Go Hulk With This 30-Minute Barbell Blast!

Introduction | Benefits of barbell training | How to perform this 30 minute barbell workout

Two CrossFit athletes completing a 30 minute barbell workout.

This 30 minute barbell workout has been designed to provide a whole-body strength-building workout.


With nothing but a single Olympic barbell and an assortment of weights, all your major muscles will be engaged.


Because this barbell workout requires hardly any kit you can complete at home or at the gym.


Also, due to the simplicity of the workout, you modify it to suit your exercise preferences or strength training goals.

Benefits of this 30 minute barbell workout

This 30 minute barbell workout will build strength and power. All the exercises selected are big compound movements – such as deadlifts, squats, and standing presses.


These exercises are favourites among weightlifters who want to forge functional, full-body strength. As Delavier says in Strength Training Anatomy, such exercises work ‘virtually every muscle’ in the body and build ‘terrific’ mass in all the major muscle groups.


So, as well as building whole-body strength, this barbell workout could also enhance muscle size.


However, if your training objective isn’t to build bigger muscles, but instead to improve, say, muscle endurance, then you could reduce the weight and increase the repetitions. By increasing the training volume and reducing rest periods, you will enjoy a metabolic conditioning – or 'met-con' – workout.

How to perform this 30 minute barbell workout

Comprised of six exercises, your objective is to work through them following the order laid out below. There are three different training approaches that you can choose from.

Traditional 30 minute barbell workout

Option one is based on a traditional weightlifting method. You’re going to complete 3 to 5 sets of between 6 to 12 reps. Sticking as closely as you can to the traditional method, begin your first set with a lighter load and increase the resistance as you decrease the reps.

30 minute barbell AMRAP

The second method is considerably harder and is for those who fancy a tough physical challenge.


The objective here is quite simple. For 5-minutes you are to perform as many reps as possible. Set a countdown timer and rep-out until your muscles burst into flame.


You can of course take a rest during an AMRAP. But if you do succumb to the temptation to rest, ensure to keep it short. Every second lost is a missed opportunity to squeeze out another rep.


Related: learn more about AMRAP training with our complete guide

barbell EMOM

The third and final option is based on the CrossFit training method called EMOM – which stands for every minute on the minute.


Each barbell exercise is comprised of five 1-minute ‘rounds.’ The objective is to complete the set number of repetitions with inside 1-minute.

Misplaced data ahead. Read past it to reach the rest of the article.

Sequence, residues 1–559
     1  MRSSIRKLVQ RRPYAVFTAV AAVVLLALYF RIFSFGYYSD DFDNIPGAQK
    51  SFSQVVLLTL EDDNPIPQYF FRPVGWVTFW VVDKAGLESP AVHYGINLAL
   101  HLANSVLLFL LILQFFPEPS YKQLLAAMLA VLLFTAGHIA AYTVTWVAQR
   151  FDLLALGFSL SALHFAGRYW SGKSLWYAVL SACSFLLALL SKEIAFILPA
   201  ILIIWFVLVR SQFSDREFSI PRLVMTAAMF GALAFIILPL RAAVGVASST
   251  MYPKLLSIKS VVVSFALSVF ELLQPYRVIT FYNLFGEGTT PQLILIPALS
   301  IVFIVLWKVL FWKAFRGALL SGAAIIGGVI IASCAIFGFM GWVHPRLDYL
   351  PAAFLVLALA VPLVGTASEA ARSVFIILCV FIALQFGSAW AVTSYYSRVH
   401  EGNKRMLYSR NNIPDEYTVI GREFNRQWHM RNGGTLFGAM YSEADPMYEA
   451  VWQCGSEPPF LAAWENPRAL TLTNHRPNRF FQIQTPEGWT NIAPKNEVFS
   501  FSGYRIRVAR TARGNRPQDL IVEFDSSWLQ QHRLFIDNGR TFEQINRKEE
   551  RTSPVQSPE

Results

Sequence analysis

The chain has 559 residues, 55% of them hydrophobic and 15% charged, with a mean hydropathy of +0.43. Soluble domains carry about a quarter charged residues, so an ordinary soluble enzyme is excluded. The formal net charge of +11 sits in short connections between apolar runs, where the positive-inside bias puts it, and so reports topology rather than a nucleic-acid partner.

Once you have completed the repetitions, you can rest for however many seconds remain on the countdown timer.


Remember, the second the minute elapses, you must begin the next set. When you have completed all five 1-minute rounds, progress on to the proceeding barbell exercise.


Related: The Complete Guide to EMOM Training

30 minute barbell workout

Before attempting this 30 minute barbell workout, it’s important to warm up thoroughly first. A comprehensive warm-up will not only reduce injury risk (the most important reason why we warm-up) but also improve your physical performance.

If you’re not sure how best to warm-up for this 30 minute barbell workout, we have produced a plan below.

10-minute warmup

5-minute steady-paced row or cross-trainer – aim to build the intensity. Concluding the initial phase, complete 10 X 100-metre sprints followed by 10 repetitions of the barbell exercises in the workout. Only select one barbell exercise per sprint and change the exercises as you progress through the 10 intervals.

barbell shoulder press

Option 1: 3 to 5 sets of 6 to 12 repetitions.

Option 2: 5-minute AMRAP – how many reps did you achieve?

Option 3: 5-minute EMOM – aim for between 8 and 16 reps on the minute every minute.

  • Stand with feet shoulder-width apart, knees bent, with an Olympic barbell suspended level with your shoulders.

  • The bar should be slightly below your chin or just above your shoulders

  • Maintaining control press the barbell above your head.

  • At ‘full extension’ there should still be a slight bend at the elbow joints.

  • To conclude the press, lower the barbell back to the start position.

barbell push press

One way to modify the barbell shoulder press is by including a ‘push’ to initiate the movement. This simple modification enables you to shift more weight than when performing a strict press.

In addition, the barbell push press engages a wider range of muscles. By dipping at the knee and driving through the legs during the initial stages of the exercise, you will activate the quadriceps and gluteals.

The technical application of the barbell push press is almost identical to the standard shoulder press outlined above. The only difference being is that, after taking a short dip at the knee, you use the big muscles of the legs to get the bar moving. When you’ve got momentum in the bar with the legs the shoulders take over to complete the movement.